My biggest disappointment with the book was Chapter 12 "Getting to the Truth". Here is Zacharias's opportunity to argue constructively for how we can find the truth and distinguish truth from falsehood. There are a lot of falsehoods out there, and people could surely use some good instruction on how to discriminate between what is true and false. Here are Zacharias's 3 tests: (1) logical consistency, (2) empirical adequacy, and (3) experimental relevance. After stating these, Zacharias then goes on to ignore (2) and (3) and relies only on (1). Granted, logical consistency is an important identifier of falsehood. But most real-life falsehoods we encounter are logically consistent (or vague enough to it is hard to show them inconsistent). So how is someone to determine from the myriad claims out there (that aren't clearly logically inconsistent) which ones to trust and which ones to reject? Zacharias gives us no help. The answer lies in a field that Zacharias almost completely ignores (except for a few derogatory comments he makes about evolution). It is found in science. The scientific method is our best tool for acquiring knowledge about the world. It consists of three components that work together: (1) observation, (2) hypothesis creation and (3) hypotheses testing. And there are three main tests for hypotheses, these are: (i) logical consistency, (ii) accuracy (how well the hypotheses describe the observations), and (iii) parsimony (how succinct the hypotheses are). Together these methods and tests are extremely powerful tools for discovering truth about the world. One could wish that Zacharias had applied them to the problem at hand.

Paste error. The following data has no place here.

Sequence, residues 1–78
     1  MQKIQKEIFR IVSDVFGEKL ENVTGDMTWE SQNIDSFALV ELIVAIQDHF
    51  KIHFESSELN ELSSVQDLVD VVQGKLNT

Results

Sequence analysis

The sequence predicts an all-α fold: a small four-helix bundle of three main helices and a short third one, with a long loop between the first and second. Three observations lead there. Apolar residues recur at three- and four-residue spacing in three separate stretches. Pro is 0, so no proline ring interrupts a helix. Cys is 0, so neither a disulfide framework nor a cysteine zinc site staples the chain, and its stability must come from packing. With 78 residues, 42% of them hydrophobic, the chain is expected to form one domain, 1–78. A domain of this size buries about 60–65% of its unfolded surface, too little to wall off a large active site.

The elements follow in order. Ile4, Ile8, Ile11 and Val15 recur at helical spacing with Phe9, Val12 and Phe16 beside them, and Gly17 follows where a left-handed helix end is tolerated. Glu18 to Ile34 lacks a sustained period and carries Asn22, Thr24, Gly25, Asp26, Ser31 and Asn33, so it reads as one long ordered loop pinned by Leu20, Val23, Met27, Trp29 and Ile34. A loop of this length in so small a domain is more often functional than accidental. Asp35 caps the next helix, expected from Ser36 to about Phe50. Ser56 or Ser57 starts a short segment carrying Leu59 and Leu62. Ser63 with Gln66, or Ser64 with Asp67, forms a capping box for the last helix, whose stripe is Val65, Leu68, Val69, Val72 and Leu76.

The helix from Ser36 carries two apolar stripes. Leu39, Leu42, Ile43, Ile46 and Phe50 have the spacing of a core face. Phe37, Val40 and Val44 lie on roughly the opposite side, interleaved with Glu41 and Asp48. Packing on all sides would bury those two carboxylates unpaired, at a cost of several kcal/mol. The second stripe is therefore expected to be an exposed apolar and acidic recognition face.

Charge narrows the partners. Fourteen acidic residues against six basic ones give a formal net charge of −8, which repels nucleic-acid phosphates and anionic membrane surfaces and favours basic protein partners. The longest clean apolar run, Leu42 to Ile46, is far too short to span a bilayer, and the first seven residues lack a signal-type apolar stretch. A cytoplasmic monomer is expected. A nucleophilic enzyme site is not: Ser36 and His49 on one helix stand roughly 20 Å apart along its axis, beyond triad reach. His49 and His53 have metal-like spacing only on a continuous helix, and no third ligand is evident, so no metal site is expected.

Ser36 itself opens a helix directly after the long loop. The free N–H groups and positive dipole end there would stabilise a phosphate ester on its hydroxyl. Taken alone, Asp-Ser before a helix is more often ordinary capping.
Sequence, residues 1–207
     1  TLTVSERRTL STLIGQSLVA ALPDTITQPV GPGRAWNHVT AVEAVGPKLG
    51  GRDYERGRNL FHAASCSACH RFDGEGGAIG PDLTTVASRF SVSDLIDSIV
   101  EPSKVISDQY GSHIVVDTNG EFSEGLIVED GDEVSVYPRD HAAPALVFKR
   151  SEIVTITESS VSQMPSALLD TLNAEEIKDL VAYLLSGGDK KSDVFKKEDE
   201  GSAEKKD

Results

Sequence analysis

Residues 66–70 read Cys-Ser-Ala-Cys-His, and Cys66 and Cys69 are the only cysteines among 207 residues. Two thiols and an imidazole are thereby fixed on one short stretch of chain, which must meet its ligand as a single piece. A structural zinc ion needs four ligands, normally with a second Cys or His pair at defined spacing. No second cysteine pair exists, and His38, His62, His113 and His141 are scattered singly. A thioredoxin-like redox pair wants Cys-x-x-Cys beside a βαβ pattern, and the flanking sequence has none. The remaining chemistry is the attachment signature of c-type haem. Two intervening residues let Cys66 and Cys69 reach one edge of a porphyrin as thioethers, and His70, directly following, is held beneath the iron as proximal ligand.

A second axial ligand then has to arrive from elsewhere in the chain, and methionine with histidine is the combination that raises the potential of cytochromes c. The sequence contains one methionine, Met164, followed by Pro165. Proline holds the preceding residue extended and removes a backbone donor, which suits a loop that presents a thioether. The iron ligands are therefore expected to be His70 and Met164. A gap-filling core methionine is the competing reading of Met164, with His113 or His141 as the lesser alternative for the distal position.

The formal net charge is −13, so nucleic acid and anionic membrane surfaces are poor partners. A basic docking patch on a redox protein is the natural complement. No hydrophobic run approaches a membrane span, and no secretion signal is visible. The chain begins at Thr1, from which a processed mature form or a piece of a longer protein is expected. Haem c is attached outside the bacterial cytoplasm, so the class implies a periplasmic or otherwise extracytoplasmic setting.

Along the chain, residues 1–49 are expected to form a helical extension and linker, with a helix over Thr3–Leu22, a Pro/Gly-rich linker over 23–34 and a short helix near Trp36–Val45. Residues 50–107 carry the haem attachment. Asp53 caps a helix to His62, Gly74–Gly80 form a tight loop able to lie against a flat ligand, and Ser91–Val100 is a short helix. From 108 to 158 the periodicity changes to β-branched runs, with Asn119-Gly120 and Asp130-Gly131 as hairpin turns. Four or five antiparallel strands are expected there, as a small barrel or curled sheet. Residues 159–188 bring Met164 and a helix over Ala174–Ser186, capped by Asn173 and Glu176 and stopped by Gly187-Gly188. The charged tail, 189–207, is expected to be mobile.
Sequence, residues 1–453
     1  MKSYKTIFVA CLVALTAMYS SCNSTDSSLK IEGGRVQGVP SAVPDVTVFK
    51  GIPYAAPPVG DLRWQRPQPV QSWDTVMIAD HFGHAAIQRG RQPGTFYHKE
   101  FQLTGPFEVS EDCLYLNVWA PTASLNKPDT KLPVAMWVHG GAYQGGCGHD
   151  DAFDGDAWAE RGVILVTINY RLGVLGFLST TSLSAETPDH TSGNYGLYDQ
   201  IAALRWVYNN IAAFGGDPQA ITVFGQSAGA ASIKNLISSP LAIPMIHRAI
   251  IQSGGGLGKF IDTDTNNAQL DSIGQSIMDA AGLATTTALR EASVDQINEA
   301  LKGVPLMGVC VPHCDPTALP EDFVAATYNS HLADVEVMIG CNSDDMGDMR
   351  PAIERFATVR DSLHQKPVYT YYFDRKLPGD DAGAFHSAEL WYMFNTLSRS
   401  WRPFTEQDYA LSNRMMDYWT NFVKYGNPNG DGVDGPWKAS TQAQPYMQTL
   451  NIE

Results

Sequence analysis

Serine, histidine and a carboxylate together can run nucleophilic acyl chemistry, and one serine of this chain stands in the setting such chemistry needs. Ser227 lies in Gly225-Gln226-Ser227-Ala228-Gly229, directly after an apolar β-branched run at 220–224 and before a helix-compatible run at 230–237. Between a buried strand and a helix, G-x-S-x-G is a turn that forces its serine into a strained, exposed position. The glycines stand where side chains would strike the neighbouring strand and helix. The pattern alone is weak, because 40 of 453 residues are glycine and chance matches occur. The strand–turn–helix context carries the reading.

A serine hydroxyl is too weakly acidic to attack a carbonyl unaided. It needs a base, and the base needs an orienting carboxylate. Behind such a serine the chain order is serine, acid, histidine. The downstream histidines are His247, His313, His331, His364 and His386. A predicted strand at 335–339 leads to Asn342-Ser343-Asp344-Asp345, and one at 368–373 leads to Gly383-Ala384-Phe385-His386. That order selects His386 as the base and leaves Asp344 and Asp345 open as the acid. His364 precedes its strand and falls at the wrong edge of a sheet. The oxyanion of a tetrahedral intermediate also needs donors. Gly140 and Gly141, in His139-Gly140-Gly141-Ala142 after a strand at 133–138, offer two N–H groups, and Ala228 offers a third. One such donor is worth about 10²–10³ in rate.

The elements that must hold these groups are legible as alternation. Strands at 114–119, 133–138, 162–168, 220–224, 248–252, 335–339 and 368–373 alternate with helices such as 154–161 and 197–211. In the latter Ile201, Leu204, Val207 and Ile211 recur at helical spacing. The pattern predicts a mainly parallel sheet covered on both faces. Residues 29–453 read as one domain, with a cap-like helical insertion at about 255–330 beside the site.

There are plenty of other points in his book that I would dispute. The main issues, though, are how one can find the truth, and how one seeks to illuminate the truth to others. Apart from insisting on logical consistency, Zacharias seems quite confused on how to find the truth. He certainly does not make a reasoned case that Christianity is true. There are many strong counter-arguments to his case for Christianity that he ignores (such as those found in Barker's book). Furthermore his method for illuminating truth to others is quite deceptive: he discredits viewpoints by recounting examples of extreme followers, by making broad, unsupported attacks on atheism with the aim of nurturing fear amongst Christians of the rise of amoral atheists, and by using anecdotes as justifications or proofs.


On the other hand, perhaps the problem is that I am not his target audience. These are the very tactics used every Sunday by pastors in countless churches to sustain the faith of their congregations and keep followers from venturing beyond the safe havens of the Christian religion. Certainly these tactics have power to retain followers in the faith. Ravi Zacharias is simply one of those pastors who has put his preaching into print. Considering that the prime use of a book like this is to provide arsenal to pastors for apologetic sermons, I think a more appropriate title for his book is: "Anecdotes of foolish, deluded and nasty atheists."